Mean Girls 101

Belonging is a basic human need, it would seem to be a natural thing. We belong to groups, clubs, societies, and most of us long to belong to something. Belonging to a group, club or even the larger world can provide opportunities and disappointments to individuals. ‘Feliks Skrzynecki’ and ‘St. Patrick’s college’, are two poems by Peter Skrzynecki which demonstrate this meaning of belonging. A related movie text is ‘mean girls’ directed by mark waters and a fiction book ‘Pinocchio’ by Walt Disney.
‘Feliks Skrzynecki’ is an ode written about his father. He describes his father – ‘he liked gardening’, ‘hard worker’, ‘didn’t sleep much’. This demonstrates that his father did these things as a getaway, a way to escape into his old life, as he felt he didn’t belong where he is now. He reminisces with his friends about how he was forced 5 years of labour in Germany, and how he had lived life previously, farming etc ‘loved his garden like an only child’. This shows us how much he misses his earlier life.
This latter is amazingly put. ‘Stumbling over tenses in Caesar’s Gallic war, I forgot my first polish word.’ At thirteen he is struggling with Latin and forgets his first polish word. There is irony here as he learns a dead language no one speaks anymore, and starts to forget his native language, which is very much still alive. The author also calls up the feeling of the father still being very polish in a country not his own. ‘Did your father ever attempt to learn English?’ he never lost his native language and never even learnt English, while the author is drawn more to the country.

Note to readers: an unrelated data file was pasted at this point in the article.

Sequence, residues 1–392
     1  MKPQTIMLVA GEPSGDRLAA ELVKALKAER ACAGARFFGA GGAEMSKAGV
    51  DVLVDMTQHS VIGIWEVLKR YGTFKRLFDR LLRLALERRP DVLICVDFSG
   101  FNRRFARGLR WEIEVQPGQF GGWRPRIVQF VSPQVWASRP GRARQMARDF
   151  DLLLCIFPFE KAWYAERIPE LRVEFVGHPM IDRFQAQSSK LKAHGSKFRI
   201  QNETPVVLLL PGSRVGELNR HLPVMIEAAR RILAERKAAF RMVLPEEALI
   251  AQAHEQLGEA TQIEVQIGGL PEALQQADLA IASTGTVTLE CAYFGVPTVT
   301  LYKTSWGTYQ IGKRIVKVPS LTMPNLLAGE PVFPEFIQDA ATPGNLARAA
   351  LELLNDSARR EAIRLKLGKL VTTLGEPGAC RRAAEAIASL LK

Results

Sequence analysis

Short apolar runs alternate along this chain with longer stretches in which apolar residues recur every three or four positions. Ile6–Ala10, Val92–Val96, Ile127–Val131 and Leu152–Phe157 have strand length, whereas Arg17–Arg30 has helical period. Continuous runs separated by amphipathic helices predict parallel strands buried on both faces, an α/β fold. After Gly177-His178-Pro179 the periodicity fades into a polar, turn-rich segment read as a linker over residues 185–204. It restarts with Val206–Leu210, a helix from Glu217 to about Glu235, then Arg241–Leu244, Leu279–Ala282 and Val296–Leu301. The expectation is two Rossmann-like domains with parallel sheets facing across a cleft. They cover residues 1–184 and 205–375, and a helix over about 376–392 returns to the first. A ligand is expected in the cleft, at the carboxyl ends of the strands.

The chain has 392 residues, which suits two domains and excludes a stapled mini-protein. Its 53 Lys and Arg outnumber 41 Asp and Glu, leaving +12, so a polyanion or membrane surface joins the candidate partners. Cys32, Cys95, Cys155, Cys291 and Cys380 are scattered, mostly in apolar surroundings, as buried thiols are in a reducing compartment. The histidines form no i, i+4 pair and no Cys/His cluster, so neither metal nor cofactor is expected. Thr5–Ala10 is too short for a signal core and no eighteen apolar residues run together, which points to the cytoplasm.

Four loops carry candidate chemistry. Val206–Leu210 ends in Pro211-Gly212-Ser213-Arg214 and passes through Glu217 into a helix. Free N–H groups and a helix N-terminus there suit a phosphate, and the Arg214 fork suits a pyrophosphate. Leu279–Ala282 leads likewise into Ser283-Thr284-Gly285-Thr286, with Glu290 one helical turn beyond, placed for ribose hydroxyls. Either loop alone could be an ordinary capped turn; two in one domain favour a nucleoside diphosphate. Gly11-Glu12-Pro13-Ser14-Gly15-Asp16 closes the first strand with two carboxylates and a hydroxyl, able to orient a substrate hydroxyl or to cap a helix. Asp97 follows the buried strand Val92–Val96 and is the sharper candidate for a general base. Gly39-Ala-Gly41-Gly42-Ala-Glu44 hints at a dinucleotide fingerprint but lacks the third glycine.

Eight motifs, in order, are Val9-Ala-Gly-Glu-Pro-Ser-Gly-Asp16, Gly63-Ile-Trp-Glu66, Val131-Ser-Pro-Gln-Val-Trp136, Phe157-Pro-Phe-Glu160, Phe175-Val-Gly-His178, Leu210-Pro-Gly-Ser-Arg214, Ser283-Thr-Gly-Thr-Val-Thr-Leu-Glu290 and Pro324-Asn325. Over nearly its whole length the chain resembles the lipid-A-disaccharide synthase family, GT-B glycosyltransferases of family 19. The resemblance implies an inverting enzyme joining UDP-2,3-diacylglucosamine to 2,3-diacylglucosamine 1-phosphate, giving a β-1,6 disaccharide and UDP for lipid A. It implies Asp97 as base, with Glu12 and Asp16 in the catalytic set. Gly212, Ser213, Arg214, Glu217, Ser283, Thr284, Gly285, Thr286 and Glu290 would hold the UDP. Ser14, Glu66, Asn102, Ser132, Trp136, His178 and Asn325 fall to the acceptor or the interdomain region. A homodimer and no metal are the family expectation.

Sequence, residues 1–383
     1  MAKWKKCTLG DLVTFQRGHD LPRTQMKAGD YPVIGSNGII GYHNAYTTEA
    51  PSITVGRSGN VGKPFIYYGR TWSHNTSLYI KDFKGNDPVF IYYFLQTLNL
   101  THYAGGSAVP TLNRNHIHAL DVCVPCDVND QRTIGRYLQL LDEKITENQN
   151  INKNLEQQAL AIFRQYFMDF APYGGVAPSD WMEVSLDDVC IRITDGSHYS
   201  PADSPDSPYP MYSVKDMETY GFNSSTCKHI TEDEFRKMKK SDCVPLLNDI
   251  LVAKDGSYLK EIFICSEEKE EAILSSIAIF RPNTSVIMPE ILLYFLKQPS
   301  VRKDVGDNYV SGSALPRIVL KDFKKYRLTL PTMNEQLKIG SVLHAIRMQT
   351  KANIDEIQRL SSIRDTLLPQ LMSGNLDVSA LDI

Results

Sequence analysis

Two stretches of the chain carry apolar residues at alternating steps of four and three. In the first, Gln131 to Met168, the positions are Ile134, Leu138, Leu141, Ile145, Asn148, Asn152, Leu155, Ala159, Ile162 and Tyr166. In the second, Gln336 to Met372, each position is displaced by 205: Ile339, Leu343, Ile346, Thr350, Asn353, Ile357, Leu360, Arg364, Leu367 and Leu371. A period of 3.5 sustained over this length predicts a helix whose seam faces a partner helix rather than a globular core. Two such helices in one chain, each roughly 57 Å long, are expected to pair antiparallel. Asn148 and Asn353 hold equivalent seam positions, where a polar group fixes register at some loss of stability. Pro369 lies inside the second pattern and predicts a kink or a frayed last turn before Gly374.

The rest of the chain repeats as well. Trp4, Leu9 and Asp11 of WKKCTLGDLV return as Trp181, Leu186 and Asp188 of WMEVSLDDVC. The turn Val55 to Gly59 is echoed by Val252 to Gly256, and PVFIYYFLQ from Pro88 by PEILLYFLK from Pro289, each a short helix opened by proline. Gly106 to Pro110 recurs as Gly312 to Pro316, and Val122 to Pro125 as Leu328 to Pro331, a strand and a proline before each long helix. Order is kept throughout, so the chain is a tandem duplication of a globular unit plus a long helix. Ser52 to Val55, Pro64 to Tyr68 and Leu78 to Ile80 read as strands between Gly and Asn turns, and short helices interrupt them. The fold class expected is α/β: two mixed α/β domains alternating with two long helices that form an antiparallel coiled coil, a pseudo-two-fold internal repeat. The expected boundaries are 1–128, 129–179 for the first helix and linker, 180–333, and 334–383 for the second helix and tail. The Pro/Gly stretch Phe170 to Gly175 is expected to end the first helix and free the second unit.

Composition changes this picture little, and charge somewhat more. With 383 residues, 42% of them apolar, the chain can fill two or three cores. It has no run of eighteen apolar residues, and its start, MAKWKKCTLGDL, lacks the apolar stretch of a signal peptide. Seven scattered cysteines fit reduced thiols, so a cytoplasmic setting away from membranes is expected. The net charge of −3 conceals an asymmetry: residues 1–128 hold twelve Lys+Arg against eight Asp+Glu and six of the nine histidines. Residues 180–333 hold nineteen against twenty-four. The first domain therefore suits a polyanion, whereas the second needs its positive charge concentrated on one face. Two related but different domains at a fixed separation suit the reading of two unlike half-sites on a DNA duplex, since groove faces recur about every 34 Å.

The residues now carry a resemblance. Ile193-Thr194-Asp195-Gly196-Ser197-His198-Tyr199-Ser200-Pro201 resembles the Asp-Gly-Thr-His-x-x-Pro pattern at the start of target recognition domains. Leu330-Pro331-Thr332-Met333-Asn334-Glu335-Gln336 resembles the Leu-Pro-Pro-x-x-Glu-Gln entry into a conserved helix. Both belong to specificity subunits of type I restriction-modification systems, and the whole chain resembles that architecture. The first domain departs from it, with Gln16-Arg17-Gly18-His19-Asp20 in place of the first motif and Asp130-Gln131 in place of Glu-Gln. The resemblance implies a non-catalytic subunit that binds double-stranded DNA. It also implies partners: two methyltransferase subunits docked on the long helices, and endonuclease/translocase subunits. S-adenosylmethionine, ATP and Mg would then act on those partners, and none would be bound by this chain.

Ironically, and this says a lot about the character of his father, it is not the author who is most happy, even though you would expect him to feel more at home. It is his father, ‘happy as I have never been’.
‘St Patrick’s College’ paints a portrait of Skrzynecki’s life at the school, it deals with belonging in relation to education, spirituality and faith. Skrzynecki’s mother was...